Once you've applied the document protection, a user can no longer display the Bookmark dialog box to view what the different bookmarks are. This goes for any bookmarks in the document; the user won't be able to view the bookmarks in unprotected sections, either. The user can still select text in the unprotected sections of the document and delete that text, so it is possible to delete a bookmark in this way, but the same editing cannot take place in the protected section—so the bookmark there remains safe.

If you prefer to not divide your document into sections, another possible approach is to create a macro that protects the bookmarks. All you need to do is create a macro that is run every time the user makes a change to the document. The macro could check to make sure that your mandatory bookmark is still present. If it isn't, then the macro can undo the edit that triggered the macro in the first place.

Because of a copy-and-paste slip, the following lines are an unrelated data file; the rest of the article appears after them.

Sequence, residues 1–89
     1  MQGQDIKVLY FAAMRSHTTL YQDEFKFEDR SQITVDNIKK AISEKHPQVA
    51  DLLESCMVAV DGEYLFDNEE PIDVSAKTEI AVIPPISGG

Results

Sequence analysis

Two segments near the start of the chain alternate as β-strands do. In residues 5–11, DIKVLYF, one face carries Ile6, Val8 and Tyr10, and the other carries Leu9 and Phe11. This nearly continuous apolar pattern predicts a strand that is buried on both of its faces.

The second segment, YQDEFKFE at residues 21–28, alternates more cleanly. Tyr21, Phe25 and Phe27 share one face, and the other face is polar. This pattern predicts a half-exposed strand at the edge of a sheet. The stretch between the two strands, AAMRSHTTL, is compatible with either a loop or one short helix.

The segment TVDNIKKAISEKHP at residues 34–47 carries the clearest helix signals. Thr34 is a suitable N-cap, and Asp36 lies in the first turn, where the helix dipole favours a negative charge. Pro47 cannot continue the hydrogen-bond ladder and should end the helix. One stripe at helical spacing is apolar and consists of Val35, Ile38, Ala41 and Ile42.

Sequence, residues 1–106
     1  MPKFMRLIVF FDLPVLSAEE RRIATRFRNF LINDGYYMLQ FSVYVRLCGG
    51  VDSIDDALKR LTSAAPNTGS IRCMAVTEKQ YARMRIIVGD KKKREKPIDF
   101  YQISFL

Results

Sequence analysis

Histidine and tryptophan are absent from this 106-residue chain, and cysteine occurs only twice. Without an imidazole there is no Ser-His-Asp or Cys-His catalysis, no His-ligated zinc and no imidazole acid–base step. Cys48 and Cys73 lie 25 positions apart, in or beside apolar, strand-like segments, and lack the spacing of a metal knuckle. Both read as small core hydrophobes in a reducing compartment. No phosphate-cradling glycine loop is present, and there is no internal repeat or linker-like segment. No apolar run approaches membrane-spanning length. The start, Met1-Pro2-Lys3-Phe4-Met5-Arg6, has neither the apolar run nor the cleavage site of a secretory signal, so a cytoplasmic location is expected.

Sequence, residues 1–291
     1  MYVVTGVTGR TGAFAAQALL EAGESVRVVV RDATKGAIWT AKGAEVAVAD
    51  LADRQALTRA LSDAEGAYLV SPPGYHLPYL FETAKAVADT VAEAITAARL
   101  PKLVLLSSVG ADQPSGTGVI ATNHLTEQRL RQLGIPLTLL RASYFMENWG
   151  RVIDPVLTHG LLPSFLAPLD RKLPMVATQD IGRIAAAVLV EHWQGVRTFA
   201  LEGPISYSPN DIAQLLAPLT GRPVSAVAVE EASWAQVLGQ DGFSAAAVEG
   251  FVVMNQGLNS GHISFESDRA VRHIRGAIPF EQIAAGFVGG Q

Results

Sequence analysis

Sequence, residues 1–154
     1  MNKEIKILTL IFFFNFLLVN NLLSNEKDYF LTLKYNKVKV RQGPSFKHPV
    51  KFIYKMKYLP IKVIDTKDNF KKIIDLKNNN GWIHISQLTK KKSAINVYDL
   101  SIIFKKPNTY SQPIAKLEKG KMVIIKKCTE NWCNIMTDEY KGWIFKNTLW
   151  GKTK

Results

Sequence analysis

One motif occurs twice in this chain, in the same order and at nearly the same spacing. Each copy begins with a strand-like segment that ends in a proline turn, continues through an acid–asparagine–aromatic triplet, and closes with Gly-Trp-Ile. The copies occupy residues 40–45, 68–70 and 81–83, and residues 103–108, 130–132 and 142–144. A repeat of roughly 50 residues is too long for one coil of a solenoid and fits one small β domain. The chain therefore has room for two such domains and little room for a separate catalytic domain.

Of course, such a macro will add a good deal of "overhead" to working with the document; running it after every character is added to a document or every character is deleted can be time consuming. There is no way around such an approach, however, since any document change can potentially affect your bookmark.

WordTips is your source for cost-effective Microsoft Word training. (Microsoft Word is the most popular word processing software in the world.) This tip (7875) applies to Microsoft Word 2007, 2010, 2013, 2016, 2019, and Word in Office 365. You can find a version of this tip for the older menu interface of Word here: Protecting Bookmarks.

Author Bio

Allen Wyatt

With more than 50 non-fiction books and numerous magazine articles to his credit, Allen Wyatt is an internationally recognized author. He is president of Sharon Parq Associates, a computer and publishing services company. ...

MORE FROM ALLEN

Changing the Default Chart Type

If you don't have Excel installed on your system, Microsoft Graph is a handy way to create simple charts for your ...

Discover More

Formatting In Your Outline

Don't like the formatting that appears when looking at your document in Outline view? You can turn off the formatting and ...